Next week, surveyors with Shelters of Saratoga will hit the streets with a goal of getting the names of every homeless person in the city.
They’ll also ask those individuals questions to determine their needs and to find out who among them is the most vulnerable — all in five days.
It may sound ambitious, but the organization’s executive director, Michael Finocchi, said he's confident those tasked with creating a registry of the city’s homeless will have success.
“My outreach coordinator is awesome,” he said, referring to Deanna Hensley, who works with the city’s homeless daily. She sets up in Congress Park, visits people living in encampments across the city, and goes to the motels where many are housed by the Department of Social Services to deliver supplies. “She’s got such a rapport with the homeless, they tell her anything she wants.”
Finocchi described the effort, called Registry Week, as “another step in the process of hopefully getting this community at functional zero and ending homelessness.” The program, offered by Community Solutions of New York City, has been used in 186 communities in the United States and in Canada, Australia and Europe as well.
“We're actually quite fortunate to have them take us on as a client because they usually deal with much larger cities than Saratoga,” Finocchi said. “I know they’ve done this project in Denver.”
Finocchi introduced the program at a forum on fighting homelessness this week at the Saratoga Springs City Center, during which he told a crowd of about 75 citizens that the city has 51 people living in encampments -- a tally provided by his outreach coordinator.
“A lot of times you can’t see them because they’re out by the train station, or they’re in the wooded areas by Skidmore, but they’re out there,” he said.
Paula Tancredi Penman, who is coordinating Registry Week, said the program uses what is called a Vulnerability Index — Service Prioritization Decision Assistance Tool to screen for health and and social conditions and identify those who are “most likely to die on the streets.”
“It helps the communities identify the most vulnerable — who needs housing right now,” she said.
She said six surveyors will be walking the streets from 7:30 a.m. to 11 p.m. Monday through Friday, covering key geographical areas and collecting the information. Everyone reserves the right to refuse to be registered, she noted, and no one is forced to answer any question they’re not comfortable with.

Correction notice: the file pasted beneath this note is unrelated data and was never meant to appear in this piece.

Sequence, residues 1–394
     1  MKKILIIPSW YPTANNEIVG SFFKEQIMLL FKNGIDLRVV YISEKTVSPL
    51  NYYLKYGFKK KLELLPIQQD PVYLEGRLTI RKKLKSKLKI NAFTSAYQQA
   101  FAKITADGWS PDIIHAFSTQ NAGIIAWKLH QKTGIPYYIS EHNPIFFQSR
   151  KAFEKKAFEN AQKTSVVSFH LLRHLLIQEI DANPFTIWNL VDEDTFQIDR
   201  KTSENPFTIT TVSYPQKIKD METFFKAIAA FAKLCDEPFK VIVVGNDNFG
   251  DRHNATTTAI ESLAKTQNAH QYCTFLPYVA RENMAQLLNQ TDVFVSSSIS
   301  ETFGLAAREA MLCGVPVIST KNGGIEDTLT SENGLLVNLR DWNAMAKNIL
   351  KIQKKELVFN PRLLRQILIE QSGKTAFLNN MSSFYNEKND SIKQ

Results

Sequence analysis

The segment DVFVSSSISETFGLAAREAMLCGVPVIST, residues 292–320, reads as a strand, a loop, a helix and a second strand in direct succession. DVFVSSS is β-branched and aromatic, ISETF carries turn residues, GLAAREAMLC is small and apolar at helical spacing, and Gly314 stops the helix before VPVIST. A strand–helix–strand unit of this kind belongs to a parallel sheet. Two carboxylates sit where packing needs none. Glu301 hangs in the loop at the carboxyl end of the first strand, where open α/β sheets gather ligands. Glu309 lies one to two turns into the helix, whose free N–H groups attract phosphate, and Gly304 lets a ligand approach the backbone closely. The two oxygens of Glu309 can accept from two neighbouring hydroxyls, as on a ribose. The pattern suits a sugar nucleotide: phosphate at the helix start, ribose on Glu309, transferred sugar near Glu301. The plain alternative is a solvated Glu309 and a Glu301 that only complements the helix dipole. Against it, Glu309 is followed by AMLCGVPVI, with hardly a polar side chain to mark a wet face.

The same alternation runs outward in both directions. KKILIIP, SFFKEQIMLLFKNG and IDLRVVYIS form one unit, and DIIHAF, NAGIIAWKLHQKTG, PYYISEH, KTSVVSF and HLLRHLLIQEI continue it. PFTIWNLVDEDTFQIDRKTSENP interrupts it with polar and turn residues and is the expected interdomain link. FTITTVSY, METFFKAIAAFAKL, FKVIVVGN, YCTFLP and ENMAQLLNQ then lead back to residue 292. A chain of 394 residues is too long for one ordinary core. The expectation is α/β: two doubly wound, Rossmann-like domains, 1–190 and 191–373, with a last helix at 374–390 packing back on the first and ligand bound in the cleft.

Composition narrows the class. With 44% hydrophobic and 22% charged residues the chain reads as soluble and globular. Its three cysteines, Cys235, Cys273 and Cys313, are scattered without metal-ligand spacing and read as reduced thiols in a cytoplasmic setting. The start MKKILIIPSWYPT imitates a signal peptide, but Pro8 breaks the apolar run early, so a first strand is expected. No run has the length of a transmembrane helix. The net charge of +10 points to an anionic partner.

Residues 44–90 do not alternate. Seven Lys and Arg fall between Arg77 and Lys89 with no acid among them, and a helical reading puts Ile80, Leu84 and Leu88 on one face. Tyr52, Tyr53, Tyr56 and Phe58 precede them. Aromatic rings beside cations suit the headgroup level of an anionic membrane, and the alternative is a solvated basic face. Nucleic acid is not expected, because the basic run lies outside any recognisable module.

“That usually makes it a little more palatable,” she said, adding that the program has had a 10 percent refusal rate in other communities.
Finocchi said the information will help Shelters of Saratoga determine its future direction for fighting homelessness.
“It’s going to produce this by-name list so that agencies have the names of the individuals who are out there, who are street homeless, who have fallen through the cracks,” he said. “And now we’ll better be able to serve them. It takes a lot of guessing out of where they should be referred and the services they need.”
Cheryl Ann Murphy-Parant, director of the city’s Code Blue program that is run by Shelters of Saratoga, spoke at the forum and said the shelter at Soul Saving Station on Henry Street has been open 62 nights this season, compared to a total of 88 last year. That’s due to a combination of a colder winter and Gov. Andrew Cuomo’s executive order requiring homeless to be sheltered when temperatures dip below 32 degrees, she said. All 41 of the shelter’s beds have been filled nearly all of those nights.
In response to questions from residents about the shortage of space at the shelter, Finocchi said the organization is looking for a larger, permanent location.
“We don’t want to have to go through this process of trying to find a place every year, every couple of years. We do need a permanent location,” he said. “So if anybody knows anything, let us know.”
He said the organization went with Soul Saving Station “in the 11th hour” last year when the larger Salvation Army said it could no longer meet Code Blue’s needs after two years of housing the program.
Code Blue was started on an emergency basis in the winter of 2013-2014 at the Church of St. Peter, after homeless woman Nancy Pitts died while sleeping outdoors near downtown.
“We’re just one incident away from a media nightmare,” Finocchi said. “To avoid having that happen again in a city that everybody looks to as so kind, caring and compassionate, we went with Soul Saving Station.”
Mayor Joanne Yepsen noted that when you walk into the city’s Code Blue shelter, everyone there knows each other by name, which is helping the city address homelessness.
“Once you know each other, then you can start talking about problems and making people’s lives better,” she said. “Registry Week is an important step to allow Shelters of Saratoga and Code Blue to take it one step further, and to really put their stake in the ground of eradicating homelessness.”